Don't pick school board members who have been around 'for years'

WINDOW ROCK,Aug. 7, 2014

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B ack to school fever has hit! There is a mixture of anxiety and excitement as we buy new books and clothes. Some are getting calls from their districts while others are already sending their kids off on the bus.

Every new school year we hold high hopes for our kids. Because high turnover plagues most rural schools there will be a whole lot of new faces teaching our students.

New teachers and principals are sometimes great, filled with new ideas and programs to improve the school. But when nothing is done about retention and consistency, these ideas or programs usually end when that innovator leaves.

In our local school district, Sanders Unified School District, the high school guidance counselors started a program to give students an opportunity to visit different colleges across the country. Currently this group has to raise over $17,000 on their own. It is a great experience for our local youth but when that teacher leaves, that program will be over. Or what happens when a new principal or superintendent comes in and the community does not like the changes being made?

School boards play an important role as elected representatives and the voice of the community. School boards decide the direction of the school district, which programs and policies are enacted and continued.

School boards allow communities to have direct input into the school district and the ability to control the direction the district takes regardless of the principal or superintendent. You can tell how active a board is by looking at how well the school is doing, the better the school, the more active the school board.

However, most of our rural school boards are run by people with no clue or interest in navigating today's education system. They don't interact with or know the issues faced by today's youth, yet they are responsible for the direction of their education.

Instead of creating the change our communities need, many school board members hold the position as nothing but a title with fancy trips, a comfy seat of prestige aspiring politicians use to fluff their resumes without achieving anything.

SUSD has had six superintendents in 11 years, is a "D" district, losing students every year while three out of five board members have sat on the board for over 20 years.

Our school boards are failing our kids because we are allowing them to. Losing good teachers is a big issue our schools face but active, engaged school boards make sure good programs and policy continue.

Our schools are bad because we allow them to be. We allow people with no idea about the issues facing our youth the most powerful and important positions within our schools. So this election year, don't pick board members that have been around "for years" in dysfunctional school districts (they aren't doing their jobs). Hold them accountable, go to school board meetings, and elect people who truly care about making our schools better. We need boards that support the community, to create communities that support their schools.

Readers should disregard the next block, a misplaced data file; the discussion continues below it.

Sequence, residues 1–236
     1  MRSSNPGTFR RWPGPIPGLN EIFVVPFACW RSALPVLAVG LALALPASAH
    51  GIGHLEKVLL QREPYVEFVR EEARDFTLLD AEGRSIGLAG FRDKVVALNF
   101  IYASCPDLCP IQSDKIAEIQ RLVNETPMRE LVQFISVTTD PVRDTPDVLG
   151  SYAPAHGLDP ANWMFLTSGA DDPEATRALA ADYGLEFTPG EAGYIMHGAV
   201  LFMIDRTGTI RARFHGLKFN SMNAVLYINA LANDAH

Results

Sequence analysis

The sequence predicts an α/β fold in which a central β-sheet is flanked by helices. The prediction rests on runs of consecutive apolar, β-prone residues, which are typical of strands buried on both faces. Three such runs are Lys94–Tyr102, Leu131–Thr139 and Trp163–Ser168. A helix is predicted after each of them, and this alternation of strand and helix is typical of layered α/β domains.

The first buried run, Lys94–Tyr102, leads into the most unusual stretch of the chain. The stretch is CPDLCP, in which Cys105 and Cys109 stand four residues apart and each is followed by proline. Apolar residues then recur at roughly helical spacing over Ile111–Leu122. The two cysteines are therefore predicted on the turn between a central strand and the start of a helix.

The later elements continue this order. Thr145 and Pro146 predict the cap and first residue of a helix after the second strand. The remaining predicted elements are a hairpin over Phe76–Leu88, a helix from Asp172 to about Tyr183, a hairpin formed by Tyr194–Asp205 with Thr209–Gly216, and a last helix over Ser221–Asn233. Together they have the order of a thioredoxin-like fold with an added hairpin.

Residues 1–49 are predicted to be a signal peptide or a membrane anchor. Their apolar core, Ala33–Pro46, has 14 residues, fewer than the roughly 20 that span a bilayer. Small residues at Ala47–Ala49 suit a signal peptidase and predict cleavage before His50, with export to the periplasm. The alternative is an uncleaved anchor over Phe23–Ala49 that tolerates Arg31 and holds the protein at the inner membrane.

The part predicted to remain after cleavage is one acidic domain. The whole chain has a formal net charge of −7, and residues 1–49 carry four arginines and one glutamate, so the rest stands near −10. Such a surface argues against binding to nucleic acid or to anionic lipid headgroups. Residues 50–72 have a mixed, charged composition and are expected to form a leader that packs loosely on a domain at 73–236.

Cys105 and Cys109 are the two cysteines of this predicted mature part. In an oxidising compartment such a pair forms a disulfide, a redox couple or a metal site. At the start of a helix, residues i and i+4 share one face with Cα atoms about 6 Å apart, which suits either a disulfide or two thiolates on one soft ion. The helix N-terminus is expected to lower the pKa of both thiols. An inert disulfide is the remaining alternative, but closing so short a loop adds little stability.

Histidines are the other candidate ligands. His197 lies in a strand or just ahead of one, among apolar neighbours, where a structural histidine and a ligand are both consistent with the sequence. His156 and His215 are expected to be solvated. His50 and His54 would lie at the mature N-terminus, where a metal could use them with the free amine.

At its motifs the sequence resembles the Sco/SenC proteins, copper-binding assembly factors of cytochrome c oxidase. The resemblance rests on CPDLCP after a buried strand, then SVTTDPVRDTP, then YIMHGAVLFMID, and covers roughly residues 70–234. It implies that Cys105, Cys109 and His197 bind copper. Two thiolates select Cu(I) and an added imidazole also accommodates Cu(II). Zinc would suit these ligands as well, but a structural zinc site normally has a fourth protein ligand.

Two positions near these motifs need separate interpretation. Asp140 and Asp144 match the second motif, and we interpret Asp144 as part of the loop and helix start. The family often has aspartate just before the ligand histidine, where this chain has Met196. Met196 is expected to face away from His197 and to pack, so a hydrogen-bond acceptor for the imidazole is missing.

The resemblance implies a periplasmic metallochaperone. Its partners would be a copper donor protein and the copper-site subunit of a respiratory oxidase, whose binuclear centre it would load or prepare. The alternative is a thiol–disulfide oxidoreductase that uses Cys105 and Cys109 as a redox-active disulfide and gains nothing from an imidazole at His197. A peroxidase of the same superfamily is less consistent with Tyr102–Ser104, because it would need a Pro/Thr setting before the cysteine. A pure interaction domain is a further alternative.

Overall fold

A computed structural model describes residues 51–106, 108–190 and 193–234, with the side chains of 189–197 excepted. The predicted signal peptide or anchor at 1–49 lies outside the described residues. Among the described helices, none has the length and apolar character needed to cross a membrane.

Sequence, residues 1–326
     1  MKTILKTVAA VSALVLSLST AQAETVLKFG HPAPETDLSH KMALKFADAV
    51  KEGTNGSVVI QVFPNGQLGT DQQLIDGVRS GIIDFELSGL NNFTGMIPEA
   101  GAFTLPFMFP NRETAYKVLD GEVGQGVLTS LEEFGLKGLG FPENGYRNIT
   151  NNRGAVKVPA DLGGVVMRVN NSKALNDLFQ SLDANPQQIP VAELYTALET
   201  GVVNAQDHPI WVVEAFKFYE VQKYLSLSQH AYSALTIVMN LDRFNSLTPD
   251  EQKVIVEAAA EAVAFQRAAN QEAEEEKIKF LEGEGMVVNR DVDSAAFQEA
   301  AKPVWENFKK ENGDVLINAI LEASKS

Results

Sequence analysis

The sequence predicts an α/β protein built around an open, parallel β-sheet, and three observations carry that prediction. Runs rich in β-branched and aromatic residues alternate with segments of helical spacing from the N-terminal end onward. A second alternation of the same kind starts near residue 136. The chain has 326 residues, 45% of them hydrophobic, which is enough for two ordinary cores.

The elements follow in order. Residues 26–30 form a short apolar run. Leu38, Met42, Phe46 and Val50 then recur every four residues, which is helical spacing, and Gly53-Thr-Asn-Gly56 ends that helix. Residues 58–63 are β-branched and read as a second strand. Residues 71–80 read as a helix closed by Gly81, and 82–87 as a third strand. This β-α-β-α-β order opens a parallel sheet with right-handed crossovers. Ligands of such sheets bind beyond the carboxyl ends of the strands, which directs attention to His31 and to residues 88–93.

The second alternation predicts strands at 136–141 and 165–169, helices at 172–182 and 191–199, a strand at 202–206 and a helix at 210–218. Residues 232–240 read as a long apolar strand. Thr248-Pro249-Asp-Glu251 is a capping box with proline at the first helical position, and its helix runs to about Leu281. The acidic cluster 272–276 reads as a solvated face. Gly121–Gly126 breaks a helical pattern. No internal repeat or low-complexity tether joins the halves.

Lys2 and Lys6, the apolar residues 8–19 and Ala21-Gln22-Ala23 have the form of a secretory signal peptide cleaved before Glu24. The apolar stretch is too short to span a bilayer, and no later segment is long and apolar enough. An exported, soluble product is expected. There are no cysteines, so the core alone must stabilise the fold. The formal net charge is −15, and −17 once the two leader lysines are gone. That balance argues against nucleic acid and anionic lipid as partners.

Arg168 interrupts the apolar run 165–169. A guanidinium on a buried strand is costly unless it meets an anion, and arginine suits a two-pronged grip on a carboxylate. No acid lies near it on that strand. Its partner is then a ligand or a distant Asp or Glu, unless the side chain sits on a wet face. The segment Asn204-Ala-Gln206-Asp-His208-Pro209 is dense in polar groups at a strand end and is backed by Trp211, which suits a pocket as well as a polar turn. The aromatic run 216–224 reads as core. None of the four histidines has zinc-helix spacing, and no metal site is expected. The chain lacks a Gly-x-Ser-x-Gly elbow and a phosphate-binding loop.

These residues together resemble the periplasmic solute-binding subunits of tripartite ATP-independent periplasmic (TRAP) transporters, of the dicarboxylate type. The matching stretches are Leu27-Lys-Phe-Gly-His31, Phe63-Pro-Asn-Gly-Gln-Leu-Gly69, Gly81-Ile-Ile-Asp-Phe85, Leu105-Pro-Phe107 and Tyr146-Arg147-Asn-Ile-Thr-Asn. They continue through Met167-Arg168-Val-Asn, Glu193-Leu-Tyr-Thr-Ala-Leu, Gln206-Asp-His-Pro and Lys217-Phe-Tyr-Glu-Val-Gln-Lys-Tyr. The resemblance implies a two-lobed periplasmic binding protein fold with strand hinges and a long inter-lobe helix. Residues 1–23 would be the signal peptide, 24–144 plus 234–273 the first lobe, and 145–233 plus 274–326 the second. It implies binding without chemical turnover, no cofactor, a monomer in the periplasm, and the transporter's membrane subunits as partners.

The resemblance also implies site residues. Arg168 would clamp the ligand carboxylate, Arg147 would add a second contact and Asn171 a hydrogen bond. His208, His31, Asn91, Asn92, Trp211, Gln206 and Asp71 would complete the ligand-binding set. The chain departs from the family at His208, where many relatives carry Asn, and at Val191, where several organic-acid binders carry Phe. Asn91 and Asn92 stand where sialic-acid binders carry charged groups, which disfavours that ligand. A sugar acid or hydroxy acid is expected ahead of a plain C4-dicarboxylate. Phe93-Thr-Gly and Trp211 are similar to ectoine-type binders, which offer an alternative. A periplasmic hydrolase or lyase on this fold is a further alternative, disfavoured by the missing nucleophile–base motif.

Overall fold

Kern Collymore
Sanders, Ariz.

In solidarity with Palestinians

Much has been said around the country about the intense, escalating conflict in the Middle East between the Israeli government and Palestinian people, and this debate does not exclude Indian Country.

Unfortunately much of what is being said against Palestinians is outright slander and, in the words of Hannah Arendt elucidating the pathology of totalitarianism, "self-deception, lies and stupidity."

Last week's issue of the Navajo Times published a letter criticizing those who criticize Israel. Aside from the letter's blatant lies and distortions (I mean, yes, Navajos are matrilineal- based people, but what does Israel have to do with that? How did Jews, specifically, teach Navajos everything that composes our culture? Jewish emigration to the U.S. didn't really take shape until the mid-20th century and even then they mainly populated metropolitan cities in the U.S.), the author escalates the absurdity by generalizing all Palestinians as barbaric jihadist Muslims.

This is assimilation to colonialist thinking at its finest and that was sad to see. Those who write off the Palestinian population as nothing but "terrorist Muslims" reveal themselves to be ignorant on this issue, thus invalidating any thoughts they may have regarding this situation.

Many chose to pick apart the words and actions of Hamas and the armed resistance of repressed Palestinians. And that is fine. But the Israeli government (the occupying power) should be held to the same scrutiny.

Also what people often overlook, regarding this conflict, is the socio-historical context of the situation. The anger and resistance of factions of the Palestinian people do not take place in a vacuum, devoid of any history. Israel is illegally occupying Palestinian land and Israel's settlement expansion has been condemned by the United Nations as a violation of international law.

When your people have been pushed off their land by brute force and relegated to small pockets of land (the Gaza Strip is 25 miles wide and about seven miles long, yet houses 1.8 million people) where you deal with the arbitrary unjust force of the occupying power, when you're marginalized to horrid living conditions where access to food and water and supplies is restricted at random and the international community is indifferent to your plight, how else do you expect people to respond but with crude weapons and violence?